Correlating IO Wait with Queries

There are a lot of great tools out there to help DBA’s monitor SQL Server perfromance.  Windows Perfmon counters and use of the Windows Relog command, for example, can be used to build a database of performance metrics.  Write a few queries against that database and a DBA can learn a lot about what’s going on inside the SQL Server.  Profiler and Extended Events also provide windows into performance.

I recently ran across a question on SQLServerCentral.com about performance that intrigued me.  The poster wanted to know if there was a way to correlate pending io requests with the queries that were experiencing the waits using the DMV sys.dm_io_pending_requests. This was a well timed question that got my attention because I was working on my own scenario with a SQL Server and IO issues.  I had set up a custom data collector set in perfmon and analyzed the data.   The data showed very high Avg. Disk Queue Length, low Page Life Expectancy and high Page Reades/sec for sustained periods of time.  The question gave me an opportunity to do some additional investigation and I arrived at the query below.

SELECT    
ipir.io_type, 
ipir.io_pending,
ipir.scheduler_address, 
ipir.io_handle,
os.scheduler_id, 
os.cpu_id, 
os.pending_disk_io_count,
ER.session_id, 
ER.command, 
ER.cpu_time, 
ST.text

FROM sys.dm_io_pending_io_requests ipir
INNER JOIN sys.dm_os_schedulers os ON ipir.scheduler_address = os.scheduler_address
INNER JOIN sys.dm_exec_requests AS ER ON os.scheduler_id = ER.Scheduler_id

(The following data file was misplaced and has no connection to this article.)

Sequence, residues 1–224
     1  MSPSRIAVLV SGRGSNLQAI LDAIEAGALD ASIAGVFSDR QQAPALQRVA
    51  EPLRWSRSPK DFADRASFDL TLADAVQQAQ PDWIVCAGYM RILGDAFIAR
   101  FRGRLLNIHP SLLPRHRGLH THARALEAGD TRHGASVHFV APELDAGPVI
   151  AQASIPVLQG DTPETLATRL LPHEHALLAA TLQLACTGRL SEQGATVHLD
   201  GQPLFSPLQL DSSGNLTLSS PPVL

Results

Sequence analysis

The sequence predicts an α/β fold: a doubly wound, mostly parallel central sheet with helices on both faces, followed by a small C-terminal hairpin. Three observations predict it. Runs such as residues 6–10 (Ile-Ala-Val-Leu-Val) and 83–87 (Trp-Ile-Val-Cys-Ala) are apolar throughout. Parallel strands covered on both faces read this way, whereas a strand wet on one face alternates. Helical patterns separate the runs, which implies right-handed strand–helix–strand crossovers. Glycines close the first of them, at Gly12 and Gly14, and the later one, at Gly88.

CROSS APPLY sys.dm_exec_sql_text(ER.sql_handle) AS ST

I began by looking at sys.dm_io_pending_requests in BOL.  I noticed that this DMV had Scheduler_Address as one of its outputs.  I quickly realized I could join to sys.dm_os_schedulers on the scheduler_address and then make an additional join to get to sys.dm_exec_requests.  From there I was only a CROSS APPLY away from getting the SQL statement associated with the IO waits.

Later I realized that sys.dm_os_schedulers has its own column that keeps track of pending IO called “pending_disk_io_count.”  As a result, you could eliminate sys.dm_io_pending_requests from the above query if you were truly interested only in the pending io count.  However, using both DMV’s does provide a more detailed picture.

Also, keep in mind that, like many things in life, observed issues may only be symptoms.  In my case the high IO wasn’t due to poor performing storage, but queries that were performing millions of physical reads.  I examined the query plan and could see that an index was missing.  I applied the index and the physical reads dropped to almost zero.  However, I used the above query to bolster my case to the application vendor that the index was needed because extremely high physical IO was killing the server.

Try out these DMV’s and see what else you can get from them.

Happy querying!

Consolidate Multiple Email Operators

Suppose you’ve been working on cleaning up SQL Agent jobs and their email operators and find that you have more than one operator with the same email address. How would you tidy this up to ease administration?

Let’s do a little setup to demonstrate the scenario.  The T-SQL below will create three operators with different names but the same email address.  Then it updates two of my existing test jobs to use those email operators when the job fails.  I am also logging failures to the Windows Event Log.

USE [msdb];
GO

EXEC msdb.dbo.sp_add_operator @name=N'DBA', 
 @enabled=1, 
 @pager_days=0, 
 @email_address=N'SuperHumanPerson@MyDomain.com'
GO

EXEC msdb.dbo.sp_add_operator @name=N'Super Human Person', 
 @enabled=1, 
 @pager_days=0,